The hard part of the game is planning. You need to keep ahead of your villagers needs by planning several years in advance. While my dear town of Mirrormonk did manage to grow to 100+ villagers, by the time they got that far, they were all naked, due to me not having planned ahead clothes wise. Once it became a problem, there was no real way for me to fix it quickly. And while nobody in my virtual Garden of Eden (Everything aplenty, besides clothes) found themselves being tempted by snakes, they all did tend to freeze while doing their jobs in the winter.

    The game starts off with a very well done tutorial (if you're the kind of person who wants to vaguely know what they're doing before you jump into a game) that has you slowly build up the same town while teaching you the different mechanics and what each building does. You go from a village that seems to be teetering on the edge of disaster, to one that is fairly self sufficient. However, it does make you think that this game is a cake walk. But you'll become disillusioned from that silly notion during your first game.

    What the tutorial doesn't do a good job explaining is the many ways that your villagers can die. Starvation, disease, fires. There are far more ways for your villagers to die in this game then there is for them to live (You know, like in real life). The tutorial probably doesn't tell you much about this so that you don't feel like this game is a brick wall that, to make any progress in, you must destroy using nothing but your face. Depending on how you look at this, it's either false advertising, or clever game design. I tend to choose the second option.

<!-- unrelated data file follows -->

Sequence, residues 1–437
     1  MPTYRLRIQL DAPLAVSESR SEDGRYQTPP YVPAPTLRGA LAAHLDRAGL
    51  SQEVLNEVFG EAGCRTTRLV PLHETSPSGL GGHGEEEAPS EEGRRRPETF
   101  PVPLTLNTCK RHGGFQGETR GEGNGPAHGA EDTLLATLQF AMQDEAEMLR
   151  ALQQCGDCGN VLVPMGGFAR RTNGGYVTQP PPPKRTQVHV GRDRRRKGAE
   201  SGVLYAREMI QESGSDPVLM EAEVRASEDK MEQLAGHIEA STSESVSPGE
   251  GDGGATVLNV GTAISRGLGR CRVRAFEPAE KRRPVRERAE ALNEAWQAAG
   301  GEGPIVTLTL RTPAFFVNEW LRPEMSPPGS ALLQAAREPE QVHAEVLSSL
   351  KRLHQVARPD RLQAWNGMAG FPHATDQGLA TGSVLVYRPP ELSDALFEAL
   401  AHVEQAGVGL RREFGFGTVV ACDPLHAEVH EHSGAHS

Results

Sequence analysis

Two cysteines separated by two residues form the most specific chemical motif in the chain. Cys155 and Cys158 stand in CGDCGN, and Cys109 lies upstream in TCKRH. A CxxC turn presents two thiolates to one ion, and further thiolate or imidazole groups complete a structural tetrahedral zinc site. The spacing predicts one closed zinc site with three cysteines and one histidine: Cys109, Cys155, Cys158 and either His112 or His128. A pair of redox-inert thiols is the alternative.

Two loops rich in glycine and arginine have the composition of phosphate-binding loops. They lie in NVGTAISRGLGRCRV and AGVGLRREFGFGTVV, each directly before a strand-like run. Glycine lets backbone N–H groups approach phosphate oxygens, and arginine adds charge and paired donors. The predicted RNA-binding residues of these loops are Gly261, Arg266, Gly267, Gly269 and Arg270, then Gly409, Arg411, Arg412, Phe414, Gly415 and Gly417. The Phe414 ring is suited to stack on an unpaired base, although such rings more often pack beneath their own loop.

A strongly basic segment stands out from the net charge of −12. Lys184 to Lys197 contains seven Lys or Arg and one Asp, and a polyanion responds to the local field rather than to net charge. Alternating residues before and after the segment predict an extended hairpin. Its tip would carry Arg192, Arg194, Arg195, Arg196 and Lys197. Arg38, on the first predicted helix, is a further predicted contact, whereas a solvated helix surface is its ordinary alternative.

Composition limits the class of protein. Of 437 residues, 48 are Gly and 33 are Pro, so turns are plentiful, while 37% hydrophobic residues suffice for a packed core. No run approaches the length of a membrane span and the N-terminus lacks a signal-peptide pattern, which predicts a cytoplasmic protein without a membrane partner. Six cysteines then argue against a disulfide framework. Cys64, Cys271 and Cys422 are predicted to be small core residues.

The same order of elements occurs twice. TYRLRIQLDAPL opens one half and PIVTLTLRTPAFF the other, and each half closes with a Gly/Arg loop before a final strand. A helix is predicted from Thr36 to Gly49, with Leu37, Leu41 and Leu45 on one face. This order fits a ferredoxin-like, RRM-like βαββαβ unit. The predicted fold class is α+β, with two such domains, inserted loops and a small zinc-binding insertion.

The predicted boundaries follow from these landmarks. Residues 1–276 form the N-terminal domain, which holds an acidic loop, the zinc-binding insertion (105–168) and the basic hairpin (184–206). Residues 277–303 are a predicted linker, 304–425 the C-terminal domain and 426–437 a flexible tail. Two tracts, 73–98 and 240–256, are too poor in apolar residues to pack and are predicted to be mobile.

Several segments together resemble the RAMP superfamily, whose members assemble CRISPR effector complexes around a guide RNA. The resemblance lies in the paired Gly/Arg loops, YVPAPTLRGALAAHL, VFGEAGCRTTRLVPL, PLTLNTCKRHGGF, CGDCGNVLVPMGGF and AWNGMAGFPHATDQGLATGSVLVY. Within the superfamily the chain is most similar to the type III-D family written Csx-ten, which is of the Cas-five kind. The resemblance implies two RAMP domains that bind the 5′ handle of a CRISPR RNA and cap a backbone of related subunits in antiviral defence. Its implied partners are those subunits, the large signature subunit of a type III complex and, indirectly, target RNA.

"Lovely wilderness just waiting to be exploited."

    Like it or not, your villages will mostly die on the outset, and while you learn with each successive ghost town, it does tend to make you think that you'll never be able to get a good sized town going. And sometimes you do everything right, and the game decides to shit on you with a disease or fire or some other natural disaster. But if you persevere through these troubling times, eventually you'll get to a point where your villages actually start to seem like they are going to make it. Remember. Forethought, planning, hard work, and dedication. These will get you far in this game.

    Also remember that children are little shits. That sometimes helps when things go bad in the dead of winter.

    Verdict 7/10

    My verdict is that this is a fun game. I've spent a total of 13 hours in this game since I bought it for this review. Looking purely at a "Hours Played" Vs "Price Paid" stand point, this game was well worth the money. Now, if you're really not into these kinds of games, then don't worry. You won't miss it. But if you have any inclination of owning (Or even trying) a game like this, then you should get it. As an introduction into this genre, it caught my attention, and I had a lot of fun playing it. Maybe the rest of them can be as good as this one. I dunno. I'll have to check them out and get back to you on that.